Vintage Mustang Forums banner
  • Hey everyone! Enter your ride HERE to be a part of this month's Ride of the Month Challenge!

1 - 2 of 2 Posts

·
Registered
Joined
·
209 Posts
Discussion Starter #1
In the latest M & F mag, there is a story on a 289 rebuild for a tiger. Couple of questions...

1. What do the motor rebuild gurus think of the build for a mile street? Probably still want more?

2. It says the rods were resized and refitted..what does that mean?

3. If I recall, they said the build up cost >$4K...would that be possible in such a mile build? I know, I know, anything is possible. I guess that also includes the centerforce clutch.

4. The max HP comes at a very high RPM level...or so it seems? The motor isn't a screaming stroker...

Anyway, just some questions. I plan to pull my vert's motor after the first of the year. I would have thought the build up they show would be pretty cost effective to mimic.
 

·
Registered
Joined
·
21,337 Posts
Didn't see the article, I don't subscribe but maybe I can answer some of your questions.

Mild street, well, that's a pretty good idea if it's going to be driven on the street. If you look at any type of racing, the cars are built and tuned specifically for each track to get the most out of the car. If you look at the street as your "track" t makes an awful lot of sense to build it that way to maximizes it's output. HP is a function or engine torque times RPM divided by 5252. The faster you can spin the engine, the more hp you can make provided the cam is designd to work in that RPM range. Basically a hotter cam moves the torque peak higher up in RPMs at the expense of taking away torque at lower RPMs. Everybody always wants more. A mild street engine will stomp all over a more radical, higher HP motor of the same size on the street it the more radical engine isn't allowed to run in it's needed RPM range to amake it's power since it's given up it's lower end power. If the street engine make all of it's power from 1K to lets say 5K RPMs and a radical, higher HP engine of the same size, makes it's power above 5K rpm, the mild steet engine is going to make more power then the radical engine on the street.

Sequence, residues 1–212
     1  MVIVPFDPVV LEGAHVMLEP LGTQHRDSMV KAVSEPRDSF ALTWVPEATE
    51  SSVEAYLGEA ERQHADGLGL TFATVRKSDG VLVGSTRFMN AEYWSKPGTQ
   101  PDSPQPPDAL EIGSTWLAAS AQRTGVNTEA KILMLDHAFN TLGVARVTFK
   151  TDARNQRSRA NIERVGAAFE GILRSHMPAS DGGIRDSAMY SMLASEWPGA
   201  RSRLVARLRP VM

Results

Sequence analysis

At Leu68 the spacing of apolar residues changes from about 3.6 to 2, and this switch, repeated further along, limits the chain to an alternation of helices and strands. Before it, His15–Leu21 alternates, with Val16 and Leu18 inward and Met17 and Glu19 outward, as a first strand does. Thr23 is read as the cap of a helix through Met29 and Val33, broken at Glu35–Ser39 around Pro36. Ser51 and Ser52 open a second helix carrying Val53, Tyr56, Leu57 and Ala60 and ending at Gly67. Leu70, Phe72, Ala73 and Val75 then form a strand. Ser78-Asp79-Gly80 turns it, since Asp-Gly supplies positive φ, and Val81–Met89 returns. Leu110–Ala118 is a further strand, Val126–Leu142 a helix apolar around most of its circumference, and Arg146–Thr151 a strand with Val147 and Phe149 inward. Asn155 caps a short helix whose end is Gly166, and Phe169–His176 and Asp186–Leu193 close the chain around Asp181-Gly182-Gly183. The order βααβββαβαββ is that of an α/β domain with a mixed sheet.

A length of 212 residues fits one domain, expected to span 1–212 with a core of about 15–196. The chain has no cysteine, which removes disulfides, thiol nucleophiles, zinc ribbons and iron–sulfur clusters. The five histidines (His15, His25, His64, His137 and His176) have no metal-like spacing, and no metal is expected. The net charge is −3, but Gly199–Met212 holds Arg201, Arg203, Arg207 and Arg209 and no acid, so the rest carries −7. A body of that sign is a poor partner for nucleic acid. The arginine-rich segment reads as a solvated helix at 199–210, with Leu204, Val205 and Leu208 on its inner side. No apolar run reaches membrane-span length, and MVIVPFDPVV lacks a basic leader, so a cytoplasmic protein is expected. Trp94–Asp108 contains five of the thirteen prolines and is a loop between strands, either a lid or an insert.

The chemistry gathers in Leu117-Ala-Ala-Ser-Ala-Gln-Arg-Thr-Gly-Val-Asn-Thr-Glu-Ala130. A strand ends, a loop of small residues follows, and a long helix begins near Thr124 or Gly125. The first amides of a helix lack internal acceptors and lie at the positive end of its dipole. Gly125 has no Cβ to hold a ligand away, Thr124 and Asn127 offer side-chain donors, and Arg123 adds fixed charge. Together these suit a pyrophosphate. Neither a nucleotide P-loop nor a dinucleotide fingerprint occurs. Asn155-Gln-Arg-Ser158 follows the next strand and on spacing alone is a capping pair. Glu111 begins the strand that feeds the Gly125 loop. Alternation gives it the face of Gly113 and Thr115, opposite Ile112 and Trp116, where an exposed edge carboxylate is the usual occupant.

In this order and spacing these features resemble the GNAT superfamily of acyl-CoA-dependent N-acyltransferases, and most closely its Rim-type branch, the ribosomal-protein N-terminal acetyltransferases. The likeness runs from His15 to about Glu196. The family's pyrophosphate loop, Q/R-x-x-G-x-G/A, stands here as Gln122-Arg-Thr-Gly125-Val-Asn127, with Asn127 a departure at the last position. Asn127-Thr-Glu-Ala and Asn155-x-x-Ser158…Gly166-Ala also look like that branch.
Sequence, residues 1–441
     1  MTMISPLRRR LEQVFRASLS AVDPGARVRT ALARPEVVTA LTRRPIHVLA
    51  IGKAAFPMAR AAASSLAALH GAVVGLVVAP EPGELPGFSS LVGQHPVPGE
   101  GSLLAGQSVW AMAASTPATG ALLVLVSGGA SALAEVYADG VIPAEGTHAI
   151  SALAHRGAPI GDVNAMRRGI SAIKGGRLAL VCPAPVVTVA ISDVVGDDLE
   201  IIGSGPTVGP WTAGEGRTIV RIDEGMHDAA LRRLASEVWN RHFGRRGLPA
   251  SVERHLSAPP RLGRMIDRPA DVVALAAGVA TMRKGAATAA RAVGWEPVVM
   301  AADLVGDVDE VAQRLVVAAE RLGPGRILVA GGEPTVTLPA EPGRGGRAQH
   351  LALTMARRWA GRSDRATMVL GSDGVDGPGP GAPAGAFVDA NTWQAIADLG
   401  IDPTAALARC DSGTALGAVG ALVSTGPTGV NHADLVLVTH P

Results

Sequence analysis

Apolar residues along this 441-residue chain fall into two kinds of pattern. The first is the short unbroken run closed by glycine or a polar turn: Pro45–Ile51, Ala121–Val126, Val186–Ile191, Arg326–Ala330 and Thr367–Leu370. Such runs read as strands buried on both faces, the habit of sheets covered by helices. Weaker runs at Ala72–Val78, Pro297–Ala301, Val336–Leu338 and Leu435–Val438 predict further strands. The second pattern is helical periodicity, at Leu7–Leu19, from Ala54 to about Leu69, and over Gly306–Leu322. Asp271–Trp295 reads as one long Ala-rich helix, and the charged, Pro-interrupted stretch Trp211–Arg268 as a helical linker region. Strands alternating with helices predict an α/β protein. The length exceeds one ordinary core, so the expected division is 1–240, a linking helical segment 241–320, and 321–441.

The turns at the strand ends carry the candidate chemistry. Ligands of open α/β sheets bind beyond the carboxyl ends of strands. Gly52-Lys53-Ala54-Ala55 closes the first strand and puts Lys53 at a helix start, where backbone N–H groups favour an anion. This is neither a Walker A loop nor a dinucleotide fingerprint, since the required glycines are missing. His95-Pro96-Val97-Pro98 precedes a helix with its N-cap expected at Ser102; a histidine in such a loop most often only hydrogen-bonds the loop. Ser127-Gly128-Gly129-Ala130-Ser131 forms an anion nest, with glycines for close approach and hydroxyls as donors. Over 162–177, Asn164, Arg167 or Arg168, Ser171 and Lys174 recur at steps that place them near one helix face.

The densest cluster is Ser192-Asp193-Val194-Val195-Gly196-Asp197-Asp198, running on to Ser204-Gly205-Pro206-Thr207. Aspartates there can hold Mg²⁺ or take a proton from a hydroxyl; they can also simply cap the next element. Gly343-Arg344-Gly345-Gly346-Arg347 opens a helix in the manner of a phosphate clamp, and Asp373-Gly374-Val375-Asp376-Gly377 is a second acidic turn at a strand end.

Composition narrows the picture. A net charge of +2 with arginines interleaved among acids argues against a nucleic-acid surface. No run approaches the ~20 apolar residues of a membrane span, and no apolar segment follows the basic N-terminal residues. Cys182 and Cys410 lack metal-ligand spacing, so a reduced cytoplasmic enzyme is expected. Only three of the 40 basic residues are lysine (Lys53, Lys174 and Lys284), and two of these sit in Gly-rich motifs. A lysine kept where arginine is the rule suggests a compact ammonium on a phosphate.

Resizing means exactly that. If you look at a connecting rod, the big end is split into 2 pieces. Over time and abuse, the big end that fits around the crankshaft can be elongated. The connecting rod looses it's ability to hold the bearing in it's place and to keep the needed, proper clearences. When the rod is resized, they re-machine the 2 mating surface flat again. Since material has been removed, the opening now becomes egg shaped. They hone the big end round again, making it true. Refitted means they put new rod bolts in.

4K, well they may have been using list prices and paying for every little detail. Labor costs are also going to vary in different parts of the country. I guess this is the best I can say on this.

Again, I didn't read the article but like I said before, HP is a function or engine torque multiplied by RPM. The smaller the engine, the faster it needs to spin to make power. An engine is nothing more then an air pump with only so much air being displaced each revolution.
 
1 - 2 of 2 Posts
Top